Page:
Updated November 14 2022
The following are most of the tools that I use day to day to build software for the web. They are the tools I most understand, most rely on and the tools that I am most fond of. I think people might be surprised at how vanilla my set up is. I am typically the last person to adopt a new tool because I favour the things I know how to use productively.
Qualities of Good Tools
Over the years, I've tried lots of tools. The ones that have stuck around for me share some mix of these qualities:
I'll be honest, when I first tried TS, I really didn't like it. I wasn't used to type-safe programming and thought having to declare the type of everything was unneesary. Now, having seen so many problems arise from type-unsafe projects, I sware by type safety.
Before 2020 I just wrote JS in ES6 syntax and transpiled it to ES5.
Before 2014 I tried out Coffeescript and liked it. I can't recall why I didn't stick to it. Perhaps this primed me to love Python's syntax?
Before 2014 I just wrote a lot of poorly organized and sprawling CSS files.
I have used other tools for bundling like Webpack, Babel, Gulp and Grunt in the past. I find them all to ask the developer to learn and configure far too much.
Before 2013 I wrote server-side code in PHP. I credit Brendan Lynch with introducing me to Python and the basic tools. The language has come a long way since 2.7. It's my favourite programming lanuage and the one I recommend without hesitation to anyone.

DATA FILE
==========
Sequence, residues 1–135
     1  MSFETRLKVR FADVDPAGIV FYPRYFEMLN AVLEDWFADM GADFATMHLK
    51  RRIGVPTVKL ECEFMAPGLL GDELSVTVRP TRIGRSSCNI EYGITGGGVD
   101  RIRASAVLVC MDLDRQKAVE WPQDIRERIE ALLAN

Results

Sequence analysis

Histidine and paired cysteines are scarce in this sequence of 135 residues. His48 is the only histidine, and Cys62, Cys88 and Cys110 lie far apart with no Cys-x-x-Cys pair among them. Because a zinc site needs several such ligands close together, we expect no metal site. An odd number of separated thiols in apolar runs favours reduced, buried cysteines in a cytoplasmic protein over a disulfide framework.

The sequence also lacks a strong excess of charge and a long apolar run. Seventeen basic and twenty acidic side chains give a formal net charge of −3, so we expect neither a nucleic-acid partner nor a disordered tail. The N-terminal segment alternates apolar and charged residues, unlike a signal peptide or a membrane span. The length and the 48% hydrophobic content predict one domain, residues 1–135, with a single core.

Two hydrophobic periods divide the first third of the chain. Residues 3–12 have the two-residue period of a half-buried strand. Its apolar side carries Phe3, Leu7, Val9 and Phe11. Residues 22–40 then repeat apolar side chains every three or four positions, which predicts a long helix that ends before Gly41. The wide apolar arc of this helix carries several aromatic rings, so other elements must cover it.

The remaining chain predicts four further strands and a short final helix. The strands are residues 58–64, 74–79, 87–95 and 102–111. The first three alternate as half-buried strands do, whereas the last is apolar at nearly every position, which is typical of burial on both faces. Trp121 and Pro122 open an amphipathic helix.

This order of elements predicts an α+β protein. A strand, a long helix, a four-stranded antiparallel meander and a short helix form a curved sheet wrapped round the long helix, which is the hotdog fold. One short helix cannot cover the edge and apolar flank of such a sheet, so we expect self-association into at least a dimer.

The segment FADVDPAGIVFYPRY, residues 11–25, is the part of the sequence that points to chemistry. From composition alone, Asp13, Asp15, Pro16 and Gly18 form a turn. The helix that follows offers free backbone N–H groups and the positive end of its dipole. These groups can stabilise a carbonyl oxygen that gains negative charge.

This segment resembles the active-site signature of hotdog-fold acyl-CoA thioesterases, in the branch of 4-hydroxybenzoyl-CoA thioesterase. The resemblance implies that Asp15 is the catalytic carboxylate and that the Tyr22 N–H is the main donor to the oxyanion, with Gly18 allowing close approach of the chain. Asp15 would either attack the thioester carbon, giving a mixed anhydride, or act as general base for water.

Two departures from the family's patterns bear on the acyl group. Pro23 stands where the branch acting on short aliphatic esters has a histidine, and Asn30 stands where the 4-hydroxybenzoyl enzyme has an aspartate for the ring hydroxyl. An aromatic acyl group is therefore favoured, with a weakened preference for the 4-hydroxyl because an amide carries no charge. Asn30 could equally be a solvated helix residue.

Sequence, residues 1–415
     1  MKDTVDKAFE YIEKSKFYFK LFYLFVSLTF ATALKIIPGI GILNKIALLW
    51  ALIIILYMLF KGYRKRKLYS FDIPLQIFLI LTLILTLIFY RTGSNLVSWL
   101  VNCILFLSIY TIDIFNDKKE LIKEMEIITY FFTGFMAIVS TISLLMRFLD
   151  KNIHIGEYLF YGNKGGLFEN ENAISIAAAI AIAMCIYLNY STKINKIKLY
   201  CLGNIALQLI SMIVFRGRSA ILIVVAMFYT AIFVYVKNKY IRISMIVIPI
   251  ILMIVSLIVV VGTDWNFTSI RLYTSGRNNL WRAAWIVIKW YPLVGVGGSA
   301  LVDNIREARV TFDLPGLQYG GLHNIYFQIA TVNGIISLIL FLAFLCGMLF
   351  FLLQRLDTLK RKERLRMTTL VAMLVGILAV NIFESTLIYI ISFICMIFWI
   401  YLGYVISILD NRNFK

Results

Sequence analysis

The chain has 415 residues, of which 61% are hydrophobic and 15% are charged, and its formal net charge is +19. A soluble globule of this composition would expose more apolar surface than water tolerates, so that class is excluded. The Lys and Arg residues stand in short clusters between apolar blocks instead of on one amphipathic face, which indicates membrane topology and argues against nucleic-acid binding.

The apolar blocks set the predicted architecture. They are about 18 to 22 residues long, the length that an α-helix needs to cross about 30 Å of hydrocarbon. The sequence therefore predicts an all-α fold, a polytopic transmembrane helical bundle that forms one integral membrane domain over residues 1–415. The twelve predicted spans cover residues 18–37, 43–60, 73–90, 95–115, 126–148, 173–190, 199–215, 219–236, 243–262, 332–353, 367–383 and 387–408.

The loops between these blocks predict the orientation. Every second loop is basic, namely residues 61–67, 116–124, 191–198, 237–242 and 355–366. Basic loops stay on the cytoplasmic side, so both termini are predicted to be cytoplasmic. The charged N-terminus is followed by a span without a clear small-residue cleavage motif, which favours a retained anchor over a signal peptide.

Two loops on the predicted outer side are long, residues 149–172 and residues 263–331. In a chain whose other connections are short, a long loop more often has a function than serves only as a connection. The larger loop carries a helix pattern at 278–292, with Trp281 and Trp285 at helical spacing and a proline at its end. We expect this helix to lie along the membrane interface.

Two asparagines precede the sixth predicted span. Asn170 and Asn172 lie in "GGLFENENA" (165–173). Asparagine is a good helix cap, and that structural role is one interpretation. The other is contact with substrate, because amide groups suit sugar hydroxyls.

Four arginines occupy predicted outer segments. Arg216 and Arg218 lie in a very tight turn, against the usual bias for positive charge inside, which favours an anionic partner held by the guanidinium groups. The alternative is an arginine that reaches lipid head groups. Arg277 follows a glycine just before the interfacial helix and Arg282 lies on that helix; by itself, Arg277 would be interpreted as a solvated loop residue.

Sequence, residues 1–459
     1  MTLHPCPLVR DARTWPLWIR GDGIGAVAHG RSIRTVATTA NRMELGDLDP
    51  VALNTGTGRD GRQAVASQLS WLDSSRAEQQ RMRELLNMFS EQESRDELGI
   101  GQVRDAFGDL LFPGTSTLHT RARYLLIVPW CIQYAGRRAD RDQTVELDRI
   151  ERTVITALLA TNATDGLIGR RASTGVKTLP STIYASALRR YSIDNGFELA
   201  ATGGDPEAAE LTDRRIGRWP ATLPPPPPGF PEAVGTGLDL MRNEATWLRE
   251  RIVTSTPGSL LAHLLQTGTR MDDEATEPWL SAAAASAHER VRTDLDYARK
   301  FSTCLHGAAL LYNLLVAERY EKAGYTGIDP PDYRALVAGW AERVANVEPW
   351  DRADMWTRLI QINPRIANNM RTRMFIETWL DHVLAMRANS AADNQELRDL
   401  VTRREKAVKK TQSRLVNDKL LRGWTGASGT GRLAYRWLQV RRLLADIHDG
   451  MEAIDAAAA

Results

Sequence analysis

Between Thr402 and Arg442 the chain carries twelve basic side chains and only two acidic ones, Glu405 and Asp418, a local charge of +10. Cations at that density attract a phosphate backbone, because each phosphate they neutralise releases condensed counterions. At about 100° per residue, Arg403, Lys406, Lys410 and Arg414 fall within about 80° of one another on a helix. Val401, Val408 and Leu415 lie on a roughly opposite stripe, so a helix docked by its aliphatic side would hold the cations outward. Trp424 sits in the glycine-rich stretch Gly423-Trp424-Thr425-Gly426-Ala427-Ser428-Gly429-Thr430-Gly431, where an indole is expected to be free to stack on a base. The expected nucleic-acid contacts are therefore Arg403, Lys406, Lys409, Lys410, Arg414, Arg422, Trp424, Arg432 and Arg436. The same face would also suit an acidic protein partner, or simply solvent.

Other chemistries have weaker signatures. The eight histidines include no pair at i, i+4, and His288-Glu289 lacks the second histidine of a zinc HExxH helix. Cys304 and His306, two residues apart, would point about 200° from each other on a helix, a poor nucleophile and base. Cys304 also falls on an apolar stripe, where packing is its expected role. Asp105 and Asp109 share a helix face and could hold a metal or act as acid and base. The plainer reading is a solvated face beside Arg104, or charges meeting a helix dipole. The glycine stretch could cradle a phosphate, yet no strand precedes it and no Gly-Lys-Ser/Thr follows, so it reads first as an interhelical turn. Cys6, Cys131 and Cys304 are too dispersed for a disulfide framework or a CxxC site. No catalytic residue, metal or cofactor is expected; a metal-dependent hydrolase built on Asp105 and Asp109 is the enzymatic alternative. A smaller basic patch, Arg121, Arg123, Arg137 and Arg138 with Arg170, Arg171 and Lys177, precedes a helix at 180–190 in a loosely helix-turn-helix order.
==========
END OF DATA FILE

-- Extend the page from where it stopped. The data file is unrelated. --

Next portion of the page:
Infra has never been of much interest to me. I have run
kubectl and deployed to AWS in the past, but I have always favored paying Heroku to worry about my infrastructure whenever possible. I also usually work at the early stages of projects where costs are not as important to tune.
Before 2021, I used Heroku to deploy applications to the internet. I moved away from Heroku because the platform began showing a lack of maintenance from their acquirers.
Before 2016 I would use Digital Ocean droplets and run and update applications. If I wanted to trade a bit of value for complexity, I would move a project off Heroku to Digital Ocean.
Before 2021 I would just use virtualenv, .env files and detailed instructions to set up local development. Docker makes this more scalable for teams, but I don't use it for personal projects unless they require specific versions of databases.
Mac Mini M1
This computer is terrific value. It's very fast, silent and has the ports I need. If I end up doing more ML work locally, I will replace it with the rumored Mac Pro with Apple Silica.
Apple Pro Display XDR
I wouldn't recommend this display. Here's why:
- Poor value. The price point makes it pretty hard to recommend. You pay more for the how did they do that? hardware.
- The matrix of backlighting is visible as darker vertical bands in certain situations. For example, when I swipe from one virtual desktop to another. My guess is that the refresh rate of the backlighting is lower than the LCD.
- There is a ghosting / halo effect in high-contrast, on-black conditions. For example, when the Apple TV logo appears before "Swan Song (2021)"